Funding for Climate Adaptation Critical for Birds, People, and Communities

Governor Lamont moves Connecticut forward with new options for local funding to adapt to climate change.

HARTFORD (February 25, 2021) - As part of the FY 2022 -2023 Biennial Budget proposal, Governor Ned Lamont introduced An Act Concerning Climate Change Adaptation (HB 6441) to be the subject of a Public Hearing before the Environment Committee. This bill aligns with the Governor’s Council on Climate Change (GC3) Phase 1 Report & Recommendations that followed an inclusive public process. The GC3 recommendations were made to the Governor on January 15, 2021.

This bill proposes to enact a number of these GC3 recommendations into law. Passage of HB 6441 will result in new tools to help municipalities adapt to climate change. HB 6441 includes provisions to allow a municipality to: i) establish a stormwater utility; ii) establish a municipal a buyers conveyance fee; and iii) expand a flood and erosion control board into a flood prevention, climate resilience and erosion control board. The bill also expands the authority of the Connecticut Green Bank to establish and manage an Environmental Infrastructure Fund. 

Conservation advocates are particularly pleased with the proposal to authorize a local buyer’s conveyance fee program. This voluntary program would give municipalities an option to generate their own revenue for land stewardship, climate adaptation, resilience, and other community environmental projects, such as urban forestry and tree planting. 

“We are grateful to the Governor for his leadership in providing municipalities with the option to pursue alternative, creative funding mechanisms to help them address climate change and achieve their land conservation, stewardship, and community planning goals,” said Connecticut Land Conservation Council executive director Amy Blaymore Paterson.

Robert LaFrance, Director of Policy for Audubon Connecticut said, “We applaud the leadership of the Governor and the Department of Energy and Environmental Protection for moving the recommendations of the Governor’s Council on Climate Change (GC3) into a bill that the General Assembly can fully embrace.  Passage of this bill will authorize funding, including the Municipal Option, to protect Connecticut’s valuable, yet vulnerable, ecosystems from harm in the face of climate change.”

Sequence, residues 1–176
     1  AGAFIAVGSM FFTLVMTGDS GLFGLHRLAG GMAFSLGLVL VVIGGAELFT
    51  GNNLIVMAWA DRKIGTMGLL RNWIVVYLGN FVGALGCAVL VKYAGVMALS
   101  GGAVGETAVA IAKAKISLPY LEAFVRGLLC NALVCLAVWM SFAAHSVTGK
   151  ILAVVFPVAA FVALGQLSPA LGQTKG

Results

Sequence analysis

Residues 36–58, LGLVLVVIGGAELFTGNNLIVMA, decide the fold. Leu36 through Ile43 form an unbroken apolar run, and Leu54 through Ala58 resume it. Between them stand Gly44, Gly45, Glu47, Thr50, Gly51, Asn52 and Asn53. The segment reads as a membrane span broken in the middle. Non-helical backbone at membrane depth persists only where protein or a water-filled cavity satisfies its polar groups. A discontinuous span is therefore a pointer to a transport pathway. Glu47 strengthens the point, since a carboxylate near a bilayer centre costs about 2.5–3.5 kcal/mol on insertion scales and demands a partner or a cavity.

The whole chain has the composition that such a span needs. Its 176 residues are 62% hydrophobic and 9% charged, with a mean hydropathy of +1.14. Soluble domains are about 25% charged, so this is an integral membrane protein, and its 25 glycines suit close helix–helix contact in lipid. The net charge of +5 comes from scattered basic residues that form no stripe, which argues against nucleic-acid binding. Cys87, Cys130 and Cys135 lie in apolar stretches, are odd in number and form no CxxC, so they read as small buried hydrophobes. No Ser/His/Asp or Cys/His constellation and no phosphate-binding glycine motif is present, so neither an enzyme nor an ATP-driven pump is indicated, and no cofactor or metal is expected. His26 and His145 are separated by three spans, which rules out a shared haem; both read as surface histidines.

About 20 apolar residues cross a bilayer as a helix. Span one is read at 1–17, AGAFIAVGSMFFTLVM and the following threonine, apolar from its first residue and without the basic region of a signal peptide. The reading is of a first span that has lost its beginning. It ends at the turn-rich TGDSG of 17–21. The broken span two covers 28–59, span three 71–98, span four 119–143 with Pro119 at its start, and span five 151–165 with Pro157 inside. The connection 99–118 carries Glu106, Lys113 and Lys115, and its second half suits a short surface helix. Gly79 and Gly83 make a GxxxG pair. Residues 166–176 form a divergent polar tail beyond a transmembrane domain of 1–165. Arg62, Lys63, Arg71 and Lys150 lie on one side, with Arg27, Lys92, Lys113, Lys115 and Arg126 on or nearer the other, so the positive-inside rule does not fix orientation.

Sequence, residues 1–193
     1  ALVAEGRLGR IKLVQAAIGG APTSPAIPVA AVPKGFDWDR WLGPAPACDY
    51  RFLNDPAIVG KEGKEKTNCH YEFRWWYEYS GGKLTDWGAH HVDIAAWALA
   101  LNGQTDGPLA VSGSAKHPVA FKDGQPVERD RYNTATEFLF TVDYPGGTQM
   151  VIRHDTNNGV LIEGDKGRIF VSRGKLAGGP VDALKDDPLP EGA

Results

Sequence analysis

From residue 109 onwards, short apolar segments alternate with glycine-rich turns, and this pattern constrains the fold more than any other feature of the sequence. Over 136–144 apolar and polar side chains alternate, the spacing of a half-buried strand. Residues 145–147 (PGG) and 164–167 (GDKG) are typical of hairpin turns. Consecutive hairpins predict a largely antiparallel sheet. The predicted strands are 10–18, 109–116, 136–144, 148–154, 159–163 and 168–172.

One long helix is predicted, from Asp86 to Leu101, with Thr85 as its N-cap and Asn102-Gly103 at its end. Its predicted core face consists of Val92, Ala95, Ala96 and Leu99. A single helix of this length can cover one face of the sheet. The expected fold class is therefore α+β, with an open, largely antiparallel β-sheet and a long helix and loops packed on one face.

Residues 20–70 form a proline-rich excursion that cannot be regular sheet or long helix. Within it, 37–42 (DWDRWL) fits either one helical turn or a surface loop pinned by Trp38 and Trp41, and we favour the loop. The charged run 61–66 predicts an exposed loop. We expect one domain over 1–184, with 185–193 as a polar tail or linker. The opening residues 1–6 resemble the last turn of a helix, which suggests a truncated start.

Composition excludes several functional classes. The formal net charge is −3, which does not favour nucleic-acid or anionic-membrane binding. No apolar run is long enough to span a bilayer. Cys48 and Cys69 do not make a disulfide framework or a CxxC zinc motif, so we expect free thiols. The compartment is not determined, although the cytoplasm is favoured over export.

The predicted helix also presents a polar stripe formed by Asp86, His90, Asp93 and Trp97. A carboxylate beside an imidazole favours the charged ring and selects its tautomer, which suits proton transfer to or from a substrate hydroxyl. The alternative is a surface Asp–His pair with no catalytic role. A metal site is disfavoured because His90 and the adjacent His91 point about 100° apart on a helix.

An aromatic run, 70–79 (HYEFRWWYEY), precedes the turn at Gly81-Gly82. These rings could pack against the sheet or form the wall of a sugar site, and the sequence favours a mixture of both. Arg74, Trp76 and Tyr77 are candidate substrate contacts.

“To provide effective mechanisms for funding critical services at the local level, COST supports efforts to develop alternative revenue streams to help reduce reliance on the property tax as well as on state aid to municipalities,” said Betsy Gara, executive director of the Connecticut Council of Small Towns (COST).

Many towns are also struggling to find the funds for stewardship of local open spaces that are essential to mitigating the impacts of climate change.  Said Guilford Environmental Planner Kevin Magee, “This bill could help the town fund maintenance of Guilford's open space and farmland, as well as climate resilience projects.  It would also allow the town to work with private organizations such as the Guilford Land Trust to help steward these essential community resources.”

Realtor Evan Griswold of Old Lyme noted, “Studies in assessing the impact of open space on town real estate values have documented that properties adjacent or in proximity to open lands yielded a result of 2-2 1/2 % gain in value over other properties. With a boon in real estate sales, we are seeing that trend play out in many counties throughout Connecticut.”

Said Paterson, “We commend Governor Lamont for his foresight in continuing to invest in local land conservation and other community projects which build sustainable economies and benefit quality of life in municipalities across the state.”

Amy Blaymore Paterson
Executive Director, Connecticut Land Conservation Council
(860) 614-8537

Robert LaFrance
Policy Director, Audubon Connecticut
(203) 668-6685


About Audubon Connecticut:
Audubon Connecticut, a state office of the National Audubon Society, protects birds and the places they need, today and tomorrow. Audubon works throughout the Americas using science, advocacy, education, and on-the-ground conservation. State programs, nature centers, chapters, and partners give Audubon an unparalleled wingspan that reaches millions of people each year to inform, inspire, and unite diverse communities in conservation action. A nonprofit conservation organization since 1905, Audubon believes in a world in which people and wildlife thrive. Learn more at, on Facebook, Twitter and Instagram.

About the Connecticut Land Conservation Council:  
As the umbrella organization for the state’s land conservation community, including its 130+ land trusts, the Connecticut Land Conservation Council advocates for land conservation, stewardship, and funding, and works to ensure the long-term strength and viability of the land conservation community in Connecticut. Learn more at, on Facebook, Twitter and Instagram.

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